What is a male artificial urinary sphincter?

An artificial urinary sphincter (AUS) can be placed in men during surgery in order to treat stress urinary incontinence. Stress urinary incontinence involves the leakage of urine when you cough, sneeze or strain your body. An artificial urinary sphincter consists of a ring or cuff that is placed around the urethra. A pump is then placed in the wall of the scrotum, which is manually squeezed. When the pump is squeezed, fluid shifts from the ring to a reservoir or balloon that is placed behind the abdominal muscles. The movement of fluid allows the ring to open, causing the urethra to open and urine to pass. The ring will spontaneously close when fluid returns from the reservoir to the ring. When the ring is closed, the urethra is compressed and any leakage is stopped or reduced.

How does an artificial urinary sphincter work?

Once the artificial sphincter is in place and functioning, you will release the sphincter and empty your bladder by pressing a button hidden in the scrotum. Once urination is complete, the sphincter automatically closes, keeping urine in the bladder, and you dry.

What can I expect from the procedure?

The AUS is placed through an incision in the perineum (the space between the scrotum and the anus). A small incision in the lower abdomen is also made. The procedure usually takes 2-3 hours. An AUS can be placed through an incision at the base of the penis or in the perineum. The surgery can be performed with general or spinal anesthesia, and patients typically spend one night in the hospital.

A catheter will be placed during surgery, but it will be removed on the day that you are discharged. At the time of the surgery, the ring is locked in an open position so leakage will continue until the ring is activated. Activation is achieved by firmly compressing the pump (at around 6 weeks after surgery).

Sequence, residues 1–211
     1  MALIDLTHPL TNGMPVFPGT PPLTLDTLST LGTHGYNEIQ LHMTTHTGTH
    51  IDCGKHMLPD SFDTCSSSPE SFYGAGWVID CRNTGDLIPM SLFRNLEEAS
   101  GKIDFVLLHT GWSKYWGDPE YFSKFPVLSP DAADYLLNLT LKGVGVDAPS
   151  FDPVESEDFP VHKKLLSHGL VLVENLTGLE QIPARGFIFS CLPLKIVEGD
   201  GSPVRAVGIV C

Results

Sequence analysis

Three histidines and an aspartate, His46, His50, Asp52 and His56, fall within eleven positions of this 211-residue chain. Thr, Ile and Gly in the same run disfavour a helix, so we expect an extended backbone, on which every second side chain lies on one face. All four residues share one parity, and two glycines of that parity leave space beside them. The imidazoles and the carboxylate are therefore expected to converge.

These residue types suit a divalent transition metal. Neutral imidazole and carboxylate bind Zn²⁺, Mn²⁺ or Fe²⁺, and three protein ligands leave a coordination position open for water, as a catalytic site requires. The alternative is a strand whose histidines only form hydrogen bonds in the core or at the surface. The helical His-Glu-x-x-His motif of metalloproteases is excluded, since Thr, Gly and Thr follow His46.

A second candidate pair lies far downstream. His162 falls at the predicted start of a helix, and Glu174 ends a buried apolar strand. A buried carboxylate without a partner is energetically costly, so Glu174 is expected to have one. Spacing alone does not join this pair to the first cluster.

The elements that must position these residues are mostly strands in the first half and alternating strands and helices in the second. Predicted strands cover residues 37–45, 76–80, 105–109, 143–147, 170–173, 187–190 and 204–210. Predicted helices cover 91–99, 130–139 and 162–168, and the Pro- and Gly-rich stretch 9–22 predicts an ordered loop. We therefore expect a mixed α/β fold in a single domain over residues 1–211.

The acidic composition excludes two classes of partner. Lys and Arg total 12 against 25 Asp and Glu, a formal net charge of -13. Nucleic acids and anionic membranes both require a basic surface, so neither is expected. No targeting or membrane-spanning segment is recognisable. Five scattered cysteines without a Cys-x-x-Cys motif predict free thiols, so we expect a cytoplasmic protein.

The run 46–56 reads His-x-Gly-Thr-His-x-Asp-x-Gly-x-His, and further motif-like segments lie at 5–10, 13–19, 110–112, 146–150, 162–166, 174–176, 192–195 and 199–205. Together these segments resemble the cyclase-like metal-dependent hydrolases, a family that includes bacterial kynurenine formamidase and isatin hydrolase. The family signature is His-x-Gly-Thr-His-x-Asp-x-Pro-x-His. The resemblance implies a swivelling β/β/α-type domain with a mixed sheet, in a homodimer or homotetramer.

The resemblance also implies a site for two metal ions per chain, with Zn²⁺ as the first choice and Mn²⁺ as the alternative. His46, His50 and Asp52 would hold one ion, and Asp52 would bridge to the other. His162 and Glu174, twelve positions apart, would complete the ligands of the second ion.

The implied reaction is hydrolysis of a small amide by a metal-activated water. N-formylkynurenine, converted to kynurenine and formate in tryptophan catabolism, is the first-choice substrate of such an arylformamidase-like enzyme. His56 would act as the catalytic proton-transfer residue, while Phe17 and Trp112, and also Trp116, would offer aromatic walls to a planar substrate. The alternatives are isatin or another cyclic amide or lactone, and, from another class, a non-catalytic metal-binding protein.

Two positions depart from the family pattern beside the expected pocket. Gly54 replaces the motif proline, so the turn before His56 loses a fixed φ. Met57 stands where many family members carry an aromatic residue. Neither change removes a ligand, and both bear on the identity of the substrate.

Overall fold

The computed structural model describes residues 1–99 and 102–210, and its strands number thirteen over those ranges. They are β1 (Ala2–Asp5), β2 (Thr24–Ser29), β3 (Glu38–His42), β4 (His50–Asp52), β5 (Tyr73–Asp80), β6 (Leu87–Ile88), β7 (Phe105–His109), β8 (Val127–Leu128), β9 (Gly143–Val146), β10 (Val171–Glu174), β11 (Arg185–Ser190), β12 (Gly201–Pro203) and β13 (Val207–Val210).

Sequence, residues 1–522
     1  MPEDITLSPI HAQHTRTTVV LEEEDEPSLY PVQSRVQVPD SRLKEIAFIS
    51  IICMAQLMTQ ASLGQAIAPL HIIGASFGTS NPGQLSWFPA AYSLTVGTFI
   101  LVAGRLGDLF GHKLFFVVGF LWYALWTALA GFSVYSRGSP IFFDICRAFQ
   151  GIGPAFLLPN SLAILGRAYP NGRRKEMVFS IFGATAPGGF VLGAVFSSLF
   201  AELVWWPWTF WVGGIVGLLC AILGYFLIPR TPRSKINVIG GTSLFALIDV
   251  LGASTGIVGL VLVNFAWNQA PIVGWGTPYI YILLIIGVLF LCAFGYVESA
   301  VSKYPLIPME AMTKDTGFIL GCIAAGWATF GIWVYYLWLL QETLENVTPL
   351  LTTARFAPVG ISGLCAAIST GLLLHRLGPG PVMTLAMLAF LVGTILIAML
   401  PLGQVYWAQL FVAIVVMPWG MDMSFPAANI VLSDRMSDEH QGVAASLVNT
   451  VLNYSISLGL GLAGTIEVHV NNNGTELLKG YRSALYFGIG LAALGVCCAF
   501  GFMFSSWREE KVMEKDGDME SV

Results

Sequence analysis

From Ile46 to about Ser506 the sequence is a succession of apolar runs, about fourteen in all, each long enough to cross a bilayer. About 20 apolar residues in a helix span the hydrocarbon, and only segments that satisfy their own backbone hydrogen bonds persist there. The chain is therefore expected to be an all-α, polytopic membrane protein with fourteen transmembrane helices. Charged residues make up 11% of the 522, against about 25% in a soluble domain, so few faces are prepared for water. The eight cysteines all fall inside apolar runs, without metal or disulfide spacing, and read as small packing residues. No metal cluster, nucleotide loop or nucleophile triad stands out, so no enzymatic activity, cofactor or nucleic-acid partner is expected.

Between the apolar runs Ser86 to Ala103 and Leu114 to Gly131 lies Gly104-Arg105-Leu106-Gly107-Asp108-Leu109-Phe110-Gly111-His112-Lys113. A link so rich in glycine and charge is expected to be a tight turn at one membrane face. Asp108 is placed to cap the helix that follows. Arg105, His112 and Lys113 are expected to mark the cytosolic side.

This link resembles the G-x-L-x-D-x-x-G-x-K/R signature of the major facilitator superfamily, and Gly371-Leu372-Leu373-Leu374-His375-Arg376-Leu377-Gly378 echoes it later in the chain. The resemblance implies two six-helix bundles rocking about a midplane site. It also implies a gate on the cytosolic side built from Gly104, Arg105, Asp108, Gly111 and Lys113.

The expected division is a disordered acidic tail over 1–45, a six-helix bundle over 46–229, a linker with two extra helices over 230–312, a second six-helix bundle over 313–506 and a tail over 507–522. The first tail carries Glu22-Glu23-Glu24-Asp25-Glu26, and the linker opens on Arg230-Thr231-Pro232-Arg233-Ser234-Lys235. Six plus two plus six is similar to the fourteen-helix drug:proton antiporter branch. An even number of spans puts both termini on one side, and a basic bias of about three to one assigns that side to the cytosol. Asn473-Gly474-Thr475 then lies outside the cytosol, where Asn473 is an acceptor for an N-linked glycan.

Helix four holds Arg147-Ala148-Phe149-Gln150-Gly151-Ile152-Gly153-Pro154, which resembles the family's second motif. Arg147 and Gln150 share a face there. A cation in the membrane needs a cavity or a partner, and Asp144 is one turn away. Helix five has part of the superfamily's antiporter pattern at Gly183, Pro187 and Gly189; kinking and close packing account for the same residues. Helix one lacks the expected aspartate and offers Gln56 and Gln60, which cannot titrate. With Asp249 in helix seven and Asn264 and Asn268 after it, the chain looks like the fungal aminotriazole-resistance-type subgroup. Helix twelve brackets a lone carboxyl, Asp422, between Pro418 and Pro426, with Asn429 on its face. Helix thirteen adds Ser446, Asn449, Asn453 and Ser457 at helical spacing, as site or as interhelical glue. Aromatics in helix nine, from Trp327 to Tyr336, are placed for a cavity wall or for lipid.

What can I expect from the results?

While the AUS is designed to provide continence, it will not be ready for use until 6 weeks after its insertion. It should only be activated by a doctor. You should not be dry immediately following your procedure. If you are, please notify us immediately, as this may be a sign that the sphincter has been activated before it’s ready for use. Some patients require a catheter for a few days after the procedure. Catheters should only be removed by your urologist.

Who is a candidate for this surgery?

Men who experience moderate-to-severe urinary leakage are candidates for this procedure. This may be the case if you’ve had prior prostate surgery, and your provider believes this treatment can help.

Schedule a consultation in Southern California

If you suffer from stress urinary incontinence, schedule an appointment at South Bay Urology. Our urologists can diagnose your condition and provide the proper treatment plan. In some cases, you may not need surgery. If AUS is recommended, we can provide the surgery. To schedule an initial appointment, give us a call at (310) 542-0199 or fill out the request form on our site.

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